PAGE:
Dutch rail operator Abellio has won the contract to run Scotrail services from April 2015, Scottish transport minister Keith Brown has confirmed.
The group, which has promised to invest millions in improving services and facilities, takes over from Aberdeen-based Firstgroup.
Ministers said the franchise, worth up to £6 billion over 10 years, would make travel in Scotland “more attractive across the board”, including:
- Free wifi on all trains
- 23 per cent more carriages across the network
- High-speed intercity diesel trains, with over a third more seats
- Advance fares of £5 between any two Scottish cities
- New approach to cycling with more than 3,500 parking spaces and bike-hire at a number of stations
Brown said this deal will benefit the people and economy of Scotland. He said: "We've already ensured that regulated rail fares will stay in line with inflation or less, and Abellio has come up with some truly innovative ways to make rail even more affordable, such as the £5 intercity fare anywhere in Scotland and reduced ticket prices for jobseekers and those newly in work, as well as a price promise for guaranteed best value fares.
Brown added: “Every single Scottish station will have CCTV and passengers will enjoy improved waiting facilities at 40 stations, extra retail facilities at up to 50 stations, and hundreds of new car parking spaces.”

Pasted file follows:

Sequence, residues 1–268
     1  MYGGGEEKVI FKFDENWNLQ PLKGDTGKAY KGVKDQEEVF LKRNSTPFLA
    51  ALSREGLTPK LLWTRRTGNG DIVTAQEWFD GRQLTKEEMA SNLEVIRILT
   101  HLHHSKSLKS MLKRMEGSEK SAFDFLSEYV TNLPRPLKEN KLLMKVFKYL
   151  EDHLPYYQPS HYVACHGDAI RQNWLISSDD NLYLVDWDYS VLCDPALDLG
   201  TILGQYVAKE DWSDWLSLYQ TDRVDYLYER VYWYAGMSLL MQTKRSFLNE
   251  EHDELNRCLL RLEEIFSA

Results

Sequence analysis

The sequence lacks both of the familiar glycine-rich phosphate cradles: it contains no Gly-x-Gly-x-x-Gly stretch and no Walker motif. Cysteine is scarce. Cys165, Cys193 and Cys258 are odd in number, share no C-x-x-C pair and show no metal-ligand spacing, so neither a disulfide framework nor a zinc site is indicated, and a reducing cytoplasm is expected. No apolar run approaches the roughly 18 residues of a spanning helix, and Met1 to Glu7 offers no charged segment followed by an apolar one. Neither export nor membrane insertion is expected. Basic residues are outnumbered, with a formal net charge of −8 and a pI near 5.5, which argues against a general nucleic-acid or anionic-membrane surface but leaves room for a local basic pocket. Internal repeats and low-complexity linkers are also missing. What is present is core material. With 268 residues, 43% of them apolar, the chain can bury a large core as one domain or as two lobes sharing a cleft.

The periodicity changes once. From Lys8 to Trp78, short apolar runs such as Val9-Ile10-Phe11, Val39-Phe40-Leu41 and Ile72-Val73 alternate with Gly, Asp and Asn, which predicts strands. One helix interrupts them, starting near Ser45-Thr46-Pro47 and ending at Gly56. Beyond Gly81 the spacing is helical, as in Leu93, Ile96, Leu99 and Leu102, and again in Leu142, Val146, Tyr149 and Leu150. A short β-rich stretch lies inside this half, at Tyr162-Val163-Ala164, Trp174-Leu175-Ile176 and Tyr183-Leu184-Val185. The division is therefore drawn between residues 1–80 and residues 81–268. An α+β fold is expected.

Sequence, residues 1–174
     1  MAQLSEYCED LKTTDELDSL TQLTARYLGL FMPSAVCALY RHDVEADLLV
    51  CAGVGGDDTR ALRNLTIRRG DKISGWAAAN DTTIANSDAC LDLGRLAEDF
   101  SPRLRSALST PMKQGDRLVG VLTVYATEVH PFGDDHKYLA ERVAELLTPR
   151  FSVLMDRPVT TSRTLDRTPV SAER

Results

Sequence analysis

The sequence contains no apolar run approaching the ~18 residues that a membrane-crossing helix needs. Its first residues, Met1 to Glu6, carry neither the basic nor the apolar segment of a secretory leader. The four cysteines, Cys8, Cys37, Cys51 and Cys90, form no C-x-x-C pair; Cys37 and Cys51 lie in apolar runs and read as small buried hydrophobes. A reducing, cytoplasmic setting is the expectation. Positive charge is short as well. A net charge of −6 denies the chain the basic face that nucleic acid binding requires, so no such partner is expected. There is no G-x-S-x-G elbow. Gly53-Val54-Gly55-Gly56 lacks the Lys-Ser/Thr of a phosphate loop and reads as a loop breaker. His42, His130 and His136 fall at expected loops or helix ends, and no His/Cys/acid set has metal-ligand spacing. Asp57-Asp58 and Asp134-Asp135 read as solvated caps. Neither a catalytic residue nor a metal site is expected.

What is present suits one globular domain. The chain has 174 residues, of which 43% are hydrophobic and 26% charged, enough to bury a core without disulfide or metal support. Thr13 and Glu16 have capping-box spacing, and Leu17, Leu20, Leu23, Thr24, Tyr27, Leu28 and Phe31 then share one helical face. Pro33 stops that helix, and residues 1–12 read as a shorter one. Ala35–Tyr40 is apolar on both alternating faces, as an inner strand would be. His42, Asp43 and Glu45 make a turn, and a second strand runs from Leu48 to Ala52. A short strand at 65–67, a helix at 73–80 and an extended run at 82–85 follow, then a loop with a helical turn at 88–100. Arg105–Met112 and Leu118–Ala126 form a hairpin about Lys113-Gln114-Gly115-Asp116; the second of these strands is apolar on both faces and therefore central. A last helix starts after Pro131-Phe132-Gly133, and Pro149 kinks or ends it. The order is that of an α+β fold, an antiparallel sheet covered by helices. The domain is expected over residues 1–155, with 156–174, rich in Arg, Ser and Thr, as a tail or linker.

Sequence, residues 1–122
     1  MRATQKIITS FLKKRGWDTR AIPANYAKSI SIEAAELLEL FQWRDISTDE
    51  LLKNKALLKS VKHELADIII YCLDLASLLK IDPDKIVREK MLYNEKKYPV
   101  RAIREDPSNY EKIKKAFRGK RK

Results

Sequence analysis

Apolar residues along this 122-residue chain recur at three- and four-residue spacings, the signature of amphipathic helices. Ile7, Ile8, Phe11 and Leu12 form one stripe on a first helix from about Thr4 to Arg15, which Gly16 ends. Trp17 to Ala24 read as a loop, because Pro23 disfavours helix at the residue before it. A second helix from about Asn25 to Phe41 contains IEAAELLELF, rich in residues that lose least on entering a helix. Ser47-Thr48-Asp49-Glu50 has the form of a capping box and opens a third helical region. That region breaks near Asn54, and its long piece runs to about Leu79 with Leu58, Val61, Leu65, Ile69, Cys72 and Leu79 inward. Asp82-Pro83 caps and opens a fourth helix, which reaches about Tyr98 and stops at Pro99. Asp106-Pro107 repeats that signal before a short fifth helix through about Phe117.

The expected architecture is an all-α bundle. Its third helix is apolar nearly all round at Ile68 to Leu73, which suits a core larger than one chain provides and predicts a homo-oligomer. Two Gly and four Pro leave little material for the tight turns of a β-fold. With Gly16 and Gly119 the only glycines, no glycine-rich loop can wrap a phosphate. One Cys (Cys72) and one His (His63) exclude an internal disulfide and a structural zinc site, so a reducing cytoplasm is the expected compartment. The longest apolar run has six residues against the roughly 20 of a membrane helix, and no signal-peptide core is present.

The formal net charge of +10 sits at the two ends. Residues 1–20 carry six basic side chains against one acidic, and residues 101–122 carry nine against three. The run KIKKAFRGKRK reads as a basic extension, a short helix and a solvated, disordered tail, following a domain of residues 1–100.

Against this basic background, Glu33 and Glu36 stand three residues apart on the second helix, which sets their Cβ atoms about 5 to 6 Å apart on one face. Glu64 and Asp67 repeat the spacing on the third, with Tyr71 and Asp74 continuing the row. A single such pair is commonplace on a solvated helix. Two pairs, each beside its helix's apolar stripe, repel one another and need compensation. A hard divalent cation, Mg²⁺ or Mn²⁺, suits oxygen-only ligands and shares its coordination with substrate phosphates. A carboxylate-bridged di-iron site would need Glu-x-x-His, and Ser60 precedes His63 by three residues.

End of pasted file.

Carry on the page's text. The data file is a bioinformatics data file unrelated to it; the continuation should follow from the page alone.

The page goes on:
The franchise deal has been criticised by union groups that believe it represents a missed opportunity to put the line back into public ownership.
"We believe public ownership is better, is more efficient and it's safer and it gives you great accountability,” RMT general secretary Mick Cash told BBC Radio Scotland's Good Morning Scotland programme.
"All you're seeing in private ownership is that money's being sucked out of the industry and given to the private sector shareholders, or in this case is going to go to subsidise the Dutch railways,” Cash added.
Scottish Labour infrastructure spokesman James Kelly said: "Today's decision highlights a total failure in leadership from the transport minister.
"In awarding the Scotrail franchise to Abellio, Keith Brown has decided that the profits from Scotland's railways should be used to invest in lower fares and better services in Holland rather than here at home.
"Keith Brown should have welcomed calls by transport unions and Scottish Labour to suspend the franchise process so further devolution could allow public bids to operate Scotland's railways. Instead he awarded it to a public company in Holland."
There will be a break clause for the franchise after five years.